With last year’s World Cup being dominated by the southern hemisphere teams, the old accusations of a disparity in class and talent were levelled at European domestic rugby in comparison to the Super Rugby competition. However, the past few weeks have shown English rugby is far from the dire straits it has been painted in previously.
The sun is finally coming out in England, and once again all 12 Premiership clubs are emerging from the mud and the rain to show that they do actually have skills, vision and the capability to play an appealing brand of attacking rugby.
Yesterday saw England outcast Christian Wade score not one but six tries against Worcester. The quality of his finishing and his ability to work his way out of brick walls of defence question why Stuart Lancaster never gave him more chance than the solitary cap he won on the Argentina tour of 2013. Injuries have hampered his career, but England cannot afford to waste his talent like they did with James Simpson-Daniel.
Eddie Jones must surely be paying attention now.
But Wade was only one highlight from an exciting, enthralling and energising fixture that saw 89 points scored and 14 tries between the two sides. But surely such a result only belongs in the apparently wonderful world of Super Rugby that enchants the world and makes others look on enviously?
Well, I sat down and watched South Africa’s The Sharks take on New Zealand’s Blues, and I was sadly very disappointed.
A combination of some of the worst handling skills I’ve seen in professional rugby for many years, and an almost constant stream of turnovers meant both sides struggled to build any momentum whatsoever. Moreover, both sides over-indulged in the ‘ping pong’ brand of rugby that is allegedly so pervasive and endemic across European rugby.
I was genuinely bored.
That’s not to say all Super Rugby is as woeful. When the New Zealand franchises meet the games are a mixture of forward ferocity and ‘all-court’ handling and awareness that leads to the ‘basketball’ scores that have become so associated with the game down south.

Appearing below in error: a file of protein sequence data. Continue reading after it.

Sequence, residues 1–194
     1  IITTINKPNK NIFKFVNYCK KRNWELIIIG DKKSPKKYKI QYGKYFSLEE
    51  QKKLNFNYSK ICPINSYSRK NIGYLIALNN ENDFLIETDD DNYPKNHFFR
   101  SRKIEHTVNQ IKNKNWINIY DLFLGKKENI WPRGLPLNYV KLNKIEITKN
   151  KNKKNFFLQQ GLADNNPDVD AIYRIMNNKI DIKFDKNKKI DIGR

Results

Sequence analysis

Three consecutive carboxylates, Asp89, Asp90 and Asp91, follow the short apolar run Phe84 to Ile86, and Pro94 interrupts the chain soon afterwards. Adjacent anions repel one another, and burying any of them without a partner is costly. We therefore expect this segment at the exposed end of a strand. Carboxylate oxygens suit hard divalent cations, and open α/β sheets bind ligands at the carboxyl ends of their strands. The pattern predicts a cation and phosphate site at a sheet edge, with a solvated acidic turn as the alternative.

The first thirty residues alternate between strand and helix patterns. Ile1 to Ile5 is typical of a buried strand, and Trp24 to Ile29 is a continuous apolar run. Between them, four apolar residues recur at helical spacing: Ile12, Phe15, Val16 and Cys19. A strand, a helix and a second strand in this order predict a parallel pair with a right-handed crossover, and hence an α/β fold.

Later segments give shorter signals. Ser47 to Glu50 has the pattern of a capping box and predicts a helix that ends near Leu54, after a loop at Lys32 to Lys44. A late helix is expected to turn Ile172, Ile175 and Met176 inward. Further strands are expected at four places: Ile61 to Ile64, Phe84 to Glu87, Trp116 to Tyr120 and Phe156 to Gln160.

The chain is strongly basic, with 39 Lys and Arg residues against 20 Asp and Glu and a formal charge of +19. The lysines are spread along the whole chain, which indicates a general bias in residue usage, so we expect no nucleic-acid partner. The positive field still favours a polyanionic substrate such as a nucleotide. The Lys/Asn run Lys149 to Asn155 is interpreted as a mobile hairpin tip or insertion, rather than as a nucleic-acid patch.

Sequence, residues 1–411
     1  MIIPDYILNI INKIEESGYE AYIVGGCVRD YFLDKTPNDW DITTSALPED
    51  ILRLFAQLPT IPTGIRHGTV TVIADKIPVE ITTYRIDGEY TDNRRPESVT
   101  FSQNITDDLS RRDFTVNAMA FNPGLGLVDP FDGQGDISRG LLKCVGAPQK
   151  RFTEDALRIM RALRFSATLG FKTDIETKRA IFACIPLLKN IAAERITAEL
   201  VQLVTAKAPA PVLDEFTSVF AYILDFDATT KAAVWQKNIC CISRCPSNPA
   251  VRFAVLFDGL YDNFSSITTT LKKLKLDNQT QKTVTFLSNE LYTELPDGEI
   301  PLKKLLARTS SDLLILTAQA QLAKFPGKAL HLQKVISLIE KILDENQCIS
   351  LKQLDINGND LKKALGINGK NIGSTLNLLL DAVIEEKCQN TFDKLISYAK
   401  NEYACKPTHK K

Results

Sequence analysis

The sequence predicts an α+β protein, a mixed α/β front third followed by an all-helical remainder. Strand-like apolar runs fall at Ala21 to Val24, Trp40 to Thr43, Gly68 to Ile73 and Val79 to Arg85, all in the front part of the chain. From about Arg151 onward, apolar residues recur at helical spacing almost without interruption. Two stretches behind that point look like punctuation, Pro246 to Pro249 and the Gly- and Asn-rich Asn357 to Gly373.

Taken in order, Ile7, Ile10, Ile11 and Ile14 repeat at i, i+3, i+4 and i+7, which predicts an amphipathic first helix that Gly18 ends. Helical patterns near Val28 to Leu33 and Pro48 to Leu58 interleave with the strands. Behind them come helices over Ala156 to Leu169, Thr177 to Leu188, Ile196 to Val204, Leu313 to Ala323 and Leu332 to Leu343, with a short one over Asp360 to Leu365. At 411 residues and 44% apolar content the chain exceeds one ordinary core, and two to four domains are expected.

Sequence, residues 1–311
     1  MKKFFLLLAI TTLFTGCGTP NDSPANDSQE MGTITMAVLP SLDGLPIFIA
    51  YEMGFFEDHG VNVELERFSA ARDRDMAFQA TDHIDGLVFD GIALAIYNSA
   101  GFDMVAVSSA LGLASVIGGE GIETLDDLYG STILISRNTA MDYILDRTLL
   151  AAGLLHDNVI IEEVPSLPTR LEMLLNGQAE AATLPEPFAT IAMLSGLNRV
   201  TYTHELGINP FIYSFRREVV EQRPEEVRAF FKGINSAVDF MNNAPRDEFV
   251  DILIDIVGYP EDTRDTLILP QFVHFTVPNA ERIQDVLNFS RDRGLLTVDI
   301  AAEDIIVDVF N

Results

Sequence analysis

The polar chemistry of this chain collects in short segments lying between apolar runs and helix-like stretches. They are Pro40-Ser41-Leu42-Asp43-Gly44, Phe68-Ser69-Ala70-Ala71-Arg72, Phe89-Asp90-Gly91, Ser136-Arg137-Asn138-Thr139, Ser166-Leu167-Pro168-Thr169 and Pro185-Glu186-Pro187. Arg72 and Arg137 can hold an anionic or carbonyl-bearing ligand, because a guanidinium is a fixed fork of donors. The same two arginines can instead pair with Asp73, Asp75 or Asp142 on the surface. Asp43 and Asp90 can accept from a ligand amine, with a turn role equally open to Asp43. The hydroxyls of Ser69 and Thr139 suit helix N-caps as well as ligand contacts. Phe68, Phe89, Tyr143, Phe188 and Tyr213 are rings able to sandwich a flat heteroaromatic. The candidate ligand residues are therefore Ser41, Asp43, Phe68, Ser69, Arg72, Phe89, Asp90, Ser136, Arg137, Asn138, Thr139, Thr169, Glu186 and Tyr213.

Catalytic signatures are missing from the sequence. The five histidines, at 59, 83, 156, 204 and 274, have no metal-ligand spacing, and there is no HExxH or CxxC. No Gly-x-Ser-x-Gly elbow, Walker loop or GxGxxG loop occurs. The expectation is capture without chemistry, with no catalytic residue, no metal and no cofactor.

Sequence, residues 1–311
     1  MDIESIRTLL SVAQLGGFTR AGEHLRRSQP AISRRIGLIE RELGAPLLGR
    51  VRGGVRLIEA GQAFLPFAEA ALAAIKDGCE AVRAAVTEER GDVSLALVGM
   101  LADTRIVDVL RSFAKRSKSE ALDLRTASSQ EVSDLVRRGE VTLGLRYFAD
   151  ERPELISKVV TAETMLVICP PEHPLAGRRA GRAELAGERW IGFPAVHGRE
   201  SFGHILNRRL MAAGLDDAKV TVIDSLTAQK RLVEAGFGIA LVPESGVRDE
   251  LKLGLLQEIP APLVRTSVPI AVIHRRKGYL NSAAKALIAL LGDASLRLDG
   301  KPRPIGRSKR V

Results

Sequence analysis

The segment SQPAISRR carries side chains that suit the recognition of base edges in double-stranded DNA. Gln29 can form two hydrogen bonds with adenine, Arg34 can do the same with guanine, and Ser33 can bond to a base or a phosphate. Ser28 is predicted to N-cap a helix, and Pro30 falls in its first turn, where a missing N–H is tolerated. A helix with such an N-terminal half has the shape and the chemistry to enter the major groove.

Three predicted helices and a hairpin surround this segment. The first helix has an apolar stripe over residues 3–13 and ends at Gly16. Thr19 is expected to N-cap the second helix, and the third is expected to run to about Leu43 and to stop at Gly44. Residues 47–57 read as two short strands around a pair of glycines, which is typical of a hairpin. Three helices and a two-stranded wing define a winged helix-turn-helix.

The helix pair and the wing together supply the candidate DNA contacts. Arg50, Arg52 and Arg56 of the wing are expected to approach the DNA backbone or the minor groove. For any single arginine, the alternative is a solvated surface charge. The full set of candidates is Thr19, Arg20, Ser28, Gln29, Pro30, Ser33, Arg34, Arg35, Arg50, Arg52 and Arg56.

Subsequently, I read Marc Hinton’s excellent piece on ‘Stupor Rugby’ and he makes a number of excellent points, including the concept that the expansion of the tournament has diluted the quality available in each side, meaning the standard of the skills on show have also dropped.
Eddie Jones, in his usual irreverent style, said:
“We [Australia] used to have three teams of which two used to be very competitive and one might struggle a little bit. Now you’ve got one team that’s good, two teams that are struggling and two teams that don’t even know what their name is.”
Watching the Australian and South African sides in the tournament is hit and miss, with many more misses than hits at the moment. Quite literally, in the mind of pundit Stephen Jones, who described Exeter’s narrow loss to Wasps in the European Champions Cup as ‘Super Rugby but with tackling’ (via Out On The Full).
Furthermore, it helps no one in Japanese rugby when their newly – and unfortunately somewhat hastily – formed Super Rugby representatives The Sunwolves are wiped out 92 – 17 by a Cheetahs side that has been brazenly tepid this season.
We were all sincerely interested and delighted that both Argentina and Japan were getting involved in the tournament this year, but whilst the Jaguares have more than held their own, the Sunwolves have been outclassed more often than not, which really was a surprise to anyone.
Let’s go back to English rugby now, though.
After a disastrous World Cup for the national side, Eddie Jones has led a recovery that has included a first grand slam in thirteen years. But this improvement was already well under way for the clubs in European and the Premiership well before Jones took over the Red Rose team. The dominance of the quarter- and semi-finals of the Champions Cup by English sides is testament to the improving quality of rugby compared to previous season.
As well as the Wasps v Exeter quarter-final, which is arguably one of the greatest European games ever, we saw Leicester trounce Stade Francais with no little skill, power and tenacity.
Similarly, we saw Northampton’s second-string run league leaders Saracens so close. Put that together with Wasps and Worcester scoring tries for fun and Leicester’s Harry Thacker disappointing old-school hookers by illustrating dazzling footwork, startling pace and cheeky arrogance to score for himself. Together, you have an English renaissance as the season starts to close with a crescendo.
These were games that filled the watching crowds and millions at home with a sense of awe.
Forwards that grunt but can also pass, backs that are electric but resilient in defence. Turnovers might not be so common in this part of the world, but when they happen teams make the most of them.
When the sun smiles down on northern Europe, the English teams come out of hibernation, change their mindset and start to play. It is not a lack of skill that is holding English sides back at the highest level but perhaps a too negative approach to the game when the weather is not so beautiful and the skies not so bright.
But right now, with the way English sides are playing, I’ll continue to enjoy the quality of rugby being shown. For this rugby fan, it’s the real ‘Super Rugby’ on offer at the moment.
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